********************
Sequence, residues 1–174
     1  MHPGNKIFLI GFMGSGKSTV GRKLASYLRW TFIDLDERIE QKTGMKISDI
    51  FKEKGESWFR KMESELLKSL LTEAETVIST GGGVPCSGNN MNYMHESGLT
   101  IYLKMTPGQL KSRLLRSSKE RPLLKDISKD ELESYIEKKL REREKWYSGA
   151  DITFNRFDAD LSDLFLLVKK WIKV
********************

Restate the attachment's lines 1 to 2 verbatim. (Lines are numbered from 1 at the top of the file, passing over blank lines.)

Sequence, residues 1–174
     1  MHPGNKIFLI GFMGSGKSTV GRKLASYLRW TFIDLDERIE QKTGMKISDI